High-Tech Wheelchair Redefines Mobility For Paraplegics
GRAPEVINE (CBSDFW.COM) - It may sound like something out of an Apple commercial or an Isaac Asimov story, but a high-tech wheelchair is giving paraplegics and quadriplegics a sense of independence not offered by a traditional wheelchair.
Dean Kamen, the man who created the Segway, built the iBot. Several severely injured military veterans said the machines are life-changing. Due to its high price-tag, though, the machines are no longer available.
“I’m totally independent,” said Raul Pedraza, who can now speak eye-to-eye with anyone, thanks to the lift in his iBot. “It’s a life-changing difference. I can go to Sao Paolo, Brazil!”
The iBot Mobility System rotates two sets of wheels around one another, giving the user the ability to ascend higher in the seat and essentially walk over stairs and curbs. It’s a prescription-only product, reserved for those who are severely disabled.
Ed Beasley lost his legs in Vietnam in 1965. He sings the praises of his machine, which he received last year.
“I’m sitting high enough I can converse with my wife, I can hold her hand when we walk, we can even dance a little bit we choose to,” he said.
“The first cha-cha comes very soon,” his wife Connie added.
But there aren’t enough iBots to go around. Gary Lawson represents the Huey 091 Foundation, a local group trying to match veterans with existing iBots while proving the technology’s worth to the medical community.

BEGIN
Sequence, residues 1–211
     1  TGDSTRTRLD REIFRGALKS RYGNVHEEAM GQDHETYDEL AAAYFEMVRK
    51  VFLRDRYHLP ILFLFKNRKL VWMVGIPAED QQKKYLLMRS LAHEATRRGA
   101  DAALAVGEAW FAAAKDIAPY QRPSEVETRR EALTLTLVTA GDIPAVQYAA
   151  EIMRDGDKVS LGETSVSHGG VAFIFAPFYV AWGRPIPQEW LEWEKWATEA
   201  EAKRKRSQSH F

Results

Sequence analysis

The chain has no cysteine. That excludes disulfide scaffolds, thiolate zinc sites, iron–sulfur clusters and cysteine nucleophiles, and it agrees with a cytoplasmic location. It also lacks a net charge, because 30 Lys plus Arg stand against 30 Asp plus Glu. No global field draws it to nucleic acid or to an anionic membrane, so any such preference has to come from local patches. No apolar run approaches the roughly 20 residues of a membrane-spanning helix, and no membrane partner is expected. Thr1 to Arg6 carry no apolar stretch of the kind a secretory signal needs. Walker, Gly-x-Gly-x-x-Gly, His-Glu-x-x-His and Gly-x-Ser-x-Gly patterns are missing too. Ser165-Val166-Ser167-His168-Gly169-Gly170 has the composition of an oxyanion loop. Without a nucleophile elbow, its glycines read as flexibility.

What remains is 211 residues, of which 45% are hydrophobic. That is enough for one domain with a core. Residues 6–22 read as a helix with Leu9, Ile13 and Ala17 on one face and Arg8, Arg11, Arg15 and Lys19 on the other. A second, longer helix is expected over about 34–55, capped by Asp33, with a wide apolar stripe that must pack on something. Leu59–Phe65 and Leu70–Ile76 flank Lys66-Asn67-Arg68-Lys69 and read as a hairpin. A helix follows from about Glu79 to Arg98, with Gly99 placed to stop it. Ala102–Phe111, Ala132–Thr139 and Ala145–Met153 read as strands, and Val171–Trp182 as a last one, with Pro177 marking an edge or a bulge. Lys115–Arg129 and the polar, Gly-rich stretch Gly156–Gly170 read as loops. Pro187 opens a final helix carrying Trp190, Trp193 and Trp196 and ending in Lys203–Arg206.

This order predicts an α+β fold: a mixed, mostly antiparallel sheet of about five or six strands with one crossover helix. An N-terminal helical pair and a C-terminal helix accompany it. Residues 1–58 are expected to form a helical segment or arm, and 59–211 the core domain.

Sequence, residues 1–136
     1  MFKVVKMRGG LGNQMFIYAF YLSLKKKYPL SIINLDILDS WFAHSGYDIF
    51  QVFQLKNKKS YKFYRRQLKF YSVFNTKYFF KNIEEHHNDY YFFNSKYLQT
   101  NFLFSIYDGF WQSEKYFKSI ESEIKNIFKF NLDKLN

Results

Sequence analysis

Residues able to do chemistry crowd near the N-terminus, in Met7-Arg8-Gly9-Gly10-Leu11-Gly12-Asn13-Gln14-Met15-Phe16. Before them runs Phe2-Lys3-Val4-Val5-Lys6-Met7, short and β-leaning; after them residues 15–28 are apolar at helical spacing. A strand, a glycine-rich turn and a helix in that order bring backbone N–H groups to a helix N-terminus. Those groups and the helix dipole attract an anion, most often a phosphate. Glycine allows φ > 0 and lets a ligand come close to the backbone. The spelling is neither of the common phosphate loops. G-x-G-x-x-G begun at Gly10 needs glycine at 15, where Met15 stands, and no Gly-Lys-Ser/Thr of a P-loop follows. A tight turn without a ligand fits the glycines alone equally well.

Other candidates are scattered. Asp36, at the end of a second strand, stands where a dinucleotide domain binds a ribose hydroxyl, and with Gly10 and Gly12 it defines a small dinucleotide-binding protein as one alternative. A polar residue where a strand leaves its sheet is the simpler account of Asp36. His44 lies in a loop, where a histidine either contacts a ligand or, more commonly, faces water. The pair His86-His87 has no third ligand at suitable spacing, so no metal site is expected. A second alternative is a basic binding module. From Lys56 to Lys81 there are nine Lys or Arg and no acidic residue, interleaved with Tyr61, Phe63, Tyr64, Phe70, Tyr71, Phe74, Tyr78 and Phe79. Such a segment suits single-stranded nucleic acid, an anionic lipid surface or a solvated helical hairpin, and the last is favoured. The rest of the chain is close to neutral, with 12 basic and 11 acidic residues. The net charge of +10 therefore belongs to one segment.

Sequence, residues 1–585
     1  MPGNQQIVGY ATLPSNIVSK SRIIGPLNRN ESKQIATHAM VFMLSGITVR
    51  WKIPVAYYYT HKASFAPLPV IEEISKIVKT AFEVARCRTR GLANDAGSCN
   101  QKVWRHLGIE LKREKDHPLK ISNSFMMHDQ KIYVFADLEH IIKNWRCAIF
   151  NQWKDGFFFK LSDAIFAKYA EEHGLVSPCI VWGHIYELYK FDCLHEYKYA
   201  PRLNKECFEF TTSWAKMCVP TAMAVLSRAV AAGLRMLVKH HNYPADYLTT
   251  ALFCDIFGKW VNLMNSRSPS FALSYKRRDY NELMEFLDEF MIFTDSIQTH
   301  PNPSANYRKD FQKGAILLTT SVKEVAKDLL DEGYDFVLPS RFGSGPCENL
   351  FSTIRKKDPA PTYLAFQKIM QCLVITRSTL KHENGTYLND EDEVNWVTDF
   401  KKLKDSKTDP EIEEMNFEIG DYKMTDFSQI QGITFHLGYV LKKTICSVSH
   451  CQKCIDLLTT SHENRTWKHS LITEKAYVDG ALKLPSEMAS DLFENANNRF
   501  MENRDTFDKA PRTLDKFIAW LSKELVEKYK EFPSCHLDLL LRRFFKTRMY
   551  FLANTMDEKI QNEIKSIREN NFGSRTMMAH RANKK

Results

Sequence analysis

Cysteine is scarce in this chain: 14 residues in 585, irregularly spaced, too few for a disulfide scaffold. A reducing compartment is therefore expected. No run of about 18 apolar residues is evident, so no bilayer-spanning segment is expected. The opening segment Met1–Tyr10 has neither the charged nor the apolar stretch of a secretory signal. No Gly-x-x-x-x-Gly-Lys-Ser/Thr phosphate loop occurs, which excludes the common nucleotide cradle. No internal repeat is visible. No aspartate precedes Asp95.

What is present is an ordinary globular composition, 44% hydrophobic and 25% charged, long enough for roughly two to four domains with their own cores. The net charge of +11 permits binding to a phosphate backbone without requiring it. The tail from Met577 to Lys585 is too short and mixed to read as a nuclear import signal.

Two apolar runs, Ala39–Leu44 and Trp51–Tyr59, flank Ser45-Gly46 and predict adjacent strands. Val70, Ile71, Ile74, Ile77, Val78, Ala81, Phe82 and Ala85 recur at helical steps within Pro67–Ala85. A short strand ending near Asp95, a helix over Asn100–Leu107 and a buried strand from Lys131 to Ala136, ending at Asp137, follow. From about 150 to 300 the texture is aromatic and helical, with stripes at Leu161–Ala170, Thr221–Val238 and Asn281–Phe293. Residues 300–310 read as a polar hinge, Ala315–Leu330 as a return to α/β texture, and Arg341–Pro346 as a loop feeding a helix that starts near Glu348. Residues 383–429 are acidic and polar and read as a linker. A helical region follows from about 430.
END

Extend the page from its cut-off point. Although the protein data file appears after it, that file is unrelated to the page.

“The computer beneath me recognized where we started,” Lawson said. “It recognized where I was going to lose balance and regain balance for me.”
iBots aren’t made anymore because of their price. When they were first released, they retailed for upwards of $28,000.
Lawson said he hopes he can generate new interest in starting the line back up with groups like American Airlines, which was hosting airport managers from across the country at the Gaylord Texan in Grapevine Wednesday.
Beasley and Padraza were honored as part of the airline’s commitment to veterans programs. They hope their appearance sends a message.
“I feel like the guys and girls – the men and women – should have the opportunity to be as normal, as we call normal, as possible,” Beasley said.